Why is knowing your password a bad thing? It’s because if you know it, then it’s most likely not very strong. It could be your pet’s name, partner’s birthdate, favorite song, or something else familiar to you.
Why is that a problem? Because it makes your password much easier to hack. People’s lives aren’t so private any more thanks to social media. Plus, if you are using memory for your passwords, then likely the number of passwords you use reaches beyond your limit to remember them. So, you reuse them.
If that doesn’t sound like you, then you’re in the minority. On average, 64% of people reuse the same password for multiple accounts. This leaves all of them more vulnerable. And they don’t usually separate work and personal. Their Netflix password may be the same one they use to log into the company’s Microsoft 365 account.
As you can imagine, this is bad news for cybersecurity efforts. In fact, password security has been handled so poorly that compromised credentials are now the #1 cause of data breaches globally.
Let’s recap the reasons why it’s bad to know your passwords:
51% of people rely on memory to manage passwords, and 57% that have been tricked in a phishing attack still don’t change their password.
It’s time to stop relying on memory to manage those many passwords. It’s not feasible to remember the roughly 100 passwords that people need to juggle today, and it’s not safe to rely on a rotating list of 3 or 4 passwords for everything.
There’s a much better way to do things. Let a password manager remember them for you.
A password manager is an application that acts as an encrypted vault for all your logins. The user only needs to remember a single password. This makes it more feasible for that single password to be one that is difficult and ticks all the boxes for strength.
You simply enter your one strong password, and you can instantly access all the others. They can be difficult and not make any sense – basically a string of letters, numbers, and symbols – because you never have to know them.
This improves security and mitigates the risk of getting hacked.
Password managers store passwords securely in an encrypted format. This eliminates problems with improper password storage. Some people store them in plain text formats like an Excel sheet, their contacts app, or a Word document. This makes it easy for a hacker to steal them.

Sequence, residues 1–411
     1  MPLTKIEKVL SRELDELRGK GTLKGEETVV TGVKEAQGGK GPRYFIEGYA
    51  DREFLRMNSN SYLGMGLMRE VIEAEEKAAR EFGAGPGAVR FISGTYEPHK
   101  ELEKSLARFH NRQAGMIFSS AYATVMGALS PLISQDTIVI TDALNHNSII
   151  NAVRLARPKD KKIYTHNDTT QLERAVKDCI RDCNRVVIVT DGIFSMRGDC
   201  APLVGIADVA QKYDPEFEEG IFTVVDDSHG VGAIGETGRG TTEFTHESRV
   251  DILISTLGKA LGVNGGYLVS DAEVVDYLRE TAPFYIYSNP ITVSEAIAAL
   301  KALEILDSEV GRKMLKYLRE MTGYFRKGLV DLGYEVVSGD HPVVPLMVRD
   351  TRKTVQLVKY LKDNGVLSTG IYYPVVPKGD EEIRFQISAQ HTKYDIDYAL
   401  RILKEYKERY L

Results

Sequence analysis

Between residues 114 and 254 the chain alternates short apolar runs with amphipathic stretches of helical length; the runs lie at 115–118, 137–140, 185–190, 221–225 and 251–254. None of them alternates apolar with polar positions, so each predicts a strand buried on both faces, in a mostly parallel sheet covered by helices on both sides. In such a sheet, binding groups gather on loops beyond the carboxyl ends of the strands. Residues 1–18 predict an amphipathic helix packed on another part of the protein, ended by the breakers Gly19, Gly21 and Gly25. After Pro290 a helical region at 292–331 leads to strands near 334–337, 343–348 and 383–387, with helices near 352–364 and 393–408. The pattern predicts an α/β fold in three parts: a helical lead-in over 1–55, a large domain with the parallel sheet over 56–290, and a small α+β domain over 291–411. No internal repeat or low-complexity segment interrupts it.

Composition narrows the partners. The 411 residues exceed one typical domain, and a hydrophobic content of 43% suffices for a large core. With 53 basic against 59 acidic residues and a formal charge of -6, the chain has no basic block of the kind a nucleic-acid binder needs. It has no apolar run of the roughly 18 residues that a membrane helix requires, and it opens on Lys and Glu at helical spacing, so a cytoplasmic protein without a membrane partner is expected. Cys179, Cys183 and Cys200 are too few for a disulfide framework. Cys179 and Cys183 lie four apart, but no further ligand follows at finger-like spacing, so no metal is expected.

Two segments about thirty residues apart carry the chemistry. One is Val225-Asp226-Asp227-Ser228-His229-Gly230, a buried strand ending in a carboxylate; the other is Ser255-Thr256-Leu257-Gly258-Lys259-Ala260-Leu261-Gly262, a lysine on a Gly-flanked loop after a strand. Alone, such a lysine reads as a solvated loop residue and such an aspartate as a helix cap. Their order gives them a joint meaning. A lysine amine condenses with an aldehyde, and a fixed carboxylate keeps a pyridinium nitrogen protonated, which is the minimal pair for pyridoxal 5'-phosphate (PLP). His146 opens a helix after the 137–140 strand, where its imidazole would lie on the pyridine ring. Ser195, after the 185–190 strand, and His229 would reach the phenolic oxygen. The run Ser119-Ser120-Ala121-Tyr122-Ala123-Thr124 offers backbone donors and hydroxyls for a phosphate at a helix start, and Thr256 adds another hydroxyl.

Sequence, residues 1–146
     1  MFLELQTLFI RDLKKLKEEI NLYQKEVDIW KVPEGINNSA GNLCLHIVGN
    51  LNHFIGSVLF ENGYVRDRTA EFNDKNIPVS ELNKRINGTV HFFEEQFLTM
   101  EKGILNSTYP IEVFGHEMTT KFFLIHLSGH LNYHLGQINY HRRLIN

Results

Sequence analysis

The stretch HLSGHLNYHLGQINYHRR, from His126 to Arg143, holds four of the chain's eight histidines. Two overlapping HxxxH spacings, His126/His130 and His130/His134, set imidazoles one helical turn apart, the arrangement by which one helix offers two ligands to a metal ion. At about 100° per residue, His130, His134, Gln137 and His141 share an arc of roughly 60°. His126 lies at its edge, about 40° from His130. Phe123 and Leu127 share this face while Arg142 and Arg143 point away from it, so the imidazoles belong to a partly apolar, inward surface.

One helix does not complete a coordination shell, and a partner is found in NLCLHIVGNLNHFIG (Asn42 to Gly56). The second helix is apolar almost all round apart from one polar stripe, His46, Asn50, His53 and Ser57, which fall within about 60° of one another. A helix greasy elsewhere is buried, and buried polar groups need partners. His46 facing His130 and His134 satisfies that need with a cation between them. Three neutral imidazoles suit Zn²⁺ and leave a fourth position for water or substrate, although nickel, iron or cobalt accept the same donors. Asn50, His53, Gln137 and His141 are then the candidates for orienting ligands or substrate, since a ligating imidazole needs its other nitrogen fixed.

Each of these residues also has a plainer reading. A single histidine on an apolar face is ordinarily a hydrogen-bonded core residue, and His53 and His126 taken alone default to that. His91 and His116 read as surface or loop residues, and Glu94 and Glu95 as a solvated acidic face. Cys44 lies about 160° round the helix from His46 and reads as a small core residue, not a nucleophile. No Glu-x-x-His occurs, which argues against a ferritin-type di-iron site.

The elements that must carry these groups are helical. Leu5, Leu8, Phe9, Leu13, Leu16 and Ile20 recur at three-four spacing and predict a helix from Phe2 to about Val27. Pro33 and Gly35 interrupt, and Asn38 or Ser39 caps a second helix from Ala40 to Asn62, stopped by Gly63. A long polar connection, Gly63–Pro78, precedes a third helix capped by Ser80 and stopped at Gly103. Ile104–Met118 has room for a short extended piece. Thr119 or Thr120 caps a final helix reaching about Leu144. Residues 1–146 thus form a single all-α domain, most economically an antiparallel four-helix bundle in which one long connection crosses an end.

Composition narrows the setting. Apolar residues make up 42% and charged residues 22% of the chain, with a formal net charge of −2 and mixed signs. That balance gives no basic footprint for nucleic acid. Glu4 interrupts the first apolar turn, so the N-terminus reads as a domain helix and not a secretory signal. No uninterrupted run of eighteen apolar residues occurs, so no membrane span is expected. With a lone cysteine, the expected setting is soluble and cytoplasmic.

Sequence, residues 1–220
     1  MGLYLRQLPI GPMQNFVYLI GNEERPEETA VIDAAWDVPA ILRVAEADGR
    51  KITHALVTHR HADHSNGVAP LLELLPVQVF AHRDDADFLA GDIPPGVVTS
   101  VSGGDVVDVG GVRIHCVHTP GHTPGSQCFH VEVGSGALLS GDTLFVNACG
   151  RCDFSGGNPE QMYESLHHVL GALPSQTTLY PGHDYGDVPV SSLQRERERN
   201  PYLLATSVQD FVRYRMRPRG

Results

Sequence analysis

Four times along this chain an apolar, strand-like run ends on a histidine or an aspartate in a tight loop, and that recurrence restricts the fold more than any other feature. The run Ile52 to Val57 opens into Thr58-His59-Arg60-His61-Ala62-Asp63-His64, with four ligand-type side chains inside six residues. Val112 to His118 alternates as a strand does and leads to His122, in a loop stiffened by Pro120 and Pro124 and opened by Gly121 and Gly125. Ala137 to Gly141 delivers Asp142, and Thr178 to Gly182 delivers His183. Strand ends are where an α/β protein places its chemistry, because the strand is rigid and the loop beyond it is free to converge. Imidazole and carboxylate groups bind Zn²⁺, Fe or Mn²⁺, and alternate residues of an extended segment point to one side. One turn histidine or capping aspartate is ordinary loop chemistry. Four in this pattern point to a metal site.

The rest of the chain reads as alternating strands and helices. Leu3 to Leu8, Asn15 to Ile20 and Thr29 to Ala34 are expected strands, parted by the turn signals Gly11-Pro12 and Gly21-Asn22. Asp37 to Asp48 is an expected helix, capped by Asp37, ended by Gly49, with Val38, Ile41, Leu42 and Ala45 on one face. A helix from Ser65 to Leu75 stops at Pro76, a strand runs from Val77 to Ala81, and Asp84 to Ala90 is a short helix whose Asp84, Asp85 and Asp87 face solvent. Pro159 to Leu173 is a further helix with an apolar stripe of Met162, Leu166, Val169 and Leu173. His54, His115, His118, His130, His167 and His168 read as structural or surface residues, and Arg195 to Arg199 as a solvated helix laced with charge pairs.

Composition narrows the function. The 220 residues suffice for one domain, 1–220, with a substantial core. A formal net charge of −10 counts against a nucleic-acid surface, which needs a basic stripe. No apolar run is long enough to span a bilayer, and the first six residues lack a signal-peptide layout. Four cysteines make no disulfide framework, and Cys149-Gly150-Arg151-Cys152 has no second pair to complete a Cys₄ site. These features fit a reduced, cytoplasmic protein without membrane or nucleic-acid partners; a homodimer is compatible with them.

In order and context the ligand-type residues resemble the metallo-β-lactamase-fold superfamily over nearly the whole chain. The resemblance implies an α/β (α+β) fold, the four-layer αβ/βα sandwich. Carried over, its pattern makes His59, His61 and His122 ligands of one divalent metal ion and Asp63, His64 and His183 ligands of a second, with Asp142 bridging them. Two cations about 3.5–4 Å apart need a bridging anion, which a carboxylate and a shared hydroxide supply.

Password managers protect passwords from being accessed by anyone but the authorized user or the authorized administrator of a company password manager account.
We all know that if something isn’t easy to use, then no one is going to adopt it. People will go back to putting passwords on sticky notes, and other bad habits.
Password managers are very easy to use. They can be used across devices and browsers, so wherever a person is working, their passwords are accessible. They can auto-fill passwords into forms, just like browsers can. Users can also copy/paste from the password manager.
Users no longer need to remember passwords – save the single one that unlocks the password manager. So, all their passwords can be unique for each site or application. They can also follow best practices by using passwords at least 10-12 characters long, with a string of letters, numbers, and symbols.
Password managers will generate strong passwords automatically, which makes it quick and easy for people to set up new accounts securely.
Most business password manager accounts will have a “company” and “personal” vault. Any passwords stored in the company password vault can be accessed by a chosen account administrator.
If an employee leaves, you won’t risk being locked out of a company account that no one else has the password for. You continue to retain account oversite for company-related logins.
Don’t risk an account breach that results in a devastating attack. Digital Crisis can help your Houston area business put secure password management solutions in place.
Contact us today to schedule a consultation. Call 713-965-7200 or reach us online.